Why Chromite Sand

Chromite sand has been selected and used in foundries as a result of its unique combination of properties. The properties listed below generally result in a better surface finish and reduced likelihood of casting defects. Click on each property to learn more

The Thermal Conductivity of chromite sand is higher than the other commercially available foundry moulding sands. This results in a mild chilling of the surface and a thicker solidified skin. This thicker skin improves the casting surface and reduces the likelihood of casting defects. Generally, foundries use Chromite Sand for one of the following reasons:

  • to promote directional solidification (particularly in smaller/thinner-walled castings) when positioned in specific areas,
  • to position around steel chills to significantly reduce the likelihood of cracking around the chills, or
  • in the manufacturing of larger castings, to use chromite sand as the moulding material to promote a thicker solidifying skin as the molten metal rises up the mould face. This reduces the risk of it being washed away which allows faster filling times. This high heat abstraction rate also aids in inhibiting penetration and burn on defects.

Solidification time of a 150mm sphere with various mold materials

Mold Material Mold Material
Copper chill 4.2
Steel chill 4.3
Graphite mold 5.1
Chromite sand mold 13.4
Zircon sand mold 13.8
Olivine sand mold 15.8
Silica sand mold 17

Silica Sand undergoes an alpha-beta phase transformation at approx 350oC – 650oC. This corresponds to the temperature zone that the mould experiences during cooling. This can lead to expansion defects such as veining or cracking in castings where silica sand moulds are used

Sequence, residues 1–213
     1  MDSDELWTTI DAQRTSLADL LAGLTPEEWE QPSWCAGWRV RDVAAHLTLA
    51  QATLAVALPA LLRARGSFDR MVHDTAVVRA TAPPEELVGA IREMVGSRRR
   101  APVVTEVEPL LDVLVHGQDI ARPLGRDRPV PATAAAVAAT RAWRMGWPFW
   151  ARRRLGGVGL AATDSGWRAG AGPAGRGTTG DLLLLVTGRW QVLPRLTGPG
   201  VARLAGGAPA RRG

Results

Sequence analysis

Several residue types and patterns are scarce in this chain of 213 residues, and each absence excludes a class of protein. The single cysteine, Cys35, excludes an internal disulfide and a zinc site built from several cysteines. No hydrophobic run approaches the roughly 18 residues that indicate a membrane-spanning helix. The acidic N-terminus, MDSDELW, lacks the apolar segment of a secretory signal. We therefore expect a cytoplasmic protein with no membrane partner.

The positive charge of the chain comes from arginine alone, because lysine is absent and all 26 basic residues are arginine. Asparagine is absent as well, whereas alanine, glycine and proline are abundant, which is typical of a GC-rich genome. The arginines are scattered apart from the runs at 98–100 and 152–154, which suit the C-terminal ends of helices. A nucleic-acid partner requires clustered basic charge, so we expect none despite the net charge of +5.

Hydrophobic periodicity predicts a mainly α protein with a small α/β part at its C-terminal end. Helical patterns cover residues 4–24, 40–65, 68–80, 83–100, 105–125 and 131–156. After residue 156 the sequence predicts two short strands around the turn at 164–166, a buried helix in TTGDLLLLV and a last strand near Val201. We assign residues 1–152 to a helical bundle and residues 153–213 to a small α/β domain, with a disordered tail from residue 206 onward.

Chromite has a much lower expansion over the same temperature range. In addition, the Chromite expansion does not have the same stepped expansion; therefore the likelihood of these expansion type defects is significantly reduced.

Lower thermal expansion generally results in improved dimensional stability in finished castings.

Chromite is used as it has the ability to resist metal penetration by molten steel and oxides in the metal. This is mainly due to the chilling ability of chromite to make the oxides less fluid when in contact with the mould

No-one wants to see these defects!

The basic to neutral pH of chromite significantly reduces the likelihood of reaction defects. These are most often seen when the acidic nature of the silica sand moulds react with the basic nature of manganese steel castings.

Maintaining a consistent pH is also critical as some modern binder systems cannot cope with a pH that is too high or variable..

With our reserves chrome content averaging 47.1%, we expect to see a fusion point at approximately 1850°C (or 3362°F).

Our standard material is a 4-sieve distribution. This means that 4 sieves contain more than 10% retained. Our current material has more than 90% on the ASTM 40-100 sieves. A typical sieve distribution is shown below.

This has been shown through research to provide an excellent packing density which reduces the binder requirements and improves casting quality. Our processing plant allows us to provide a range of different distributions and sizings according to individual foundry’s requirements.

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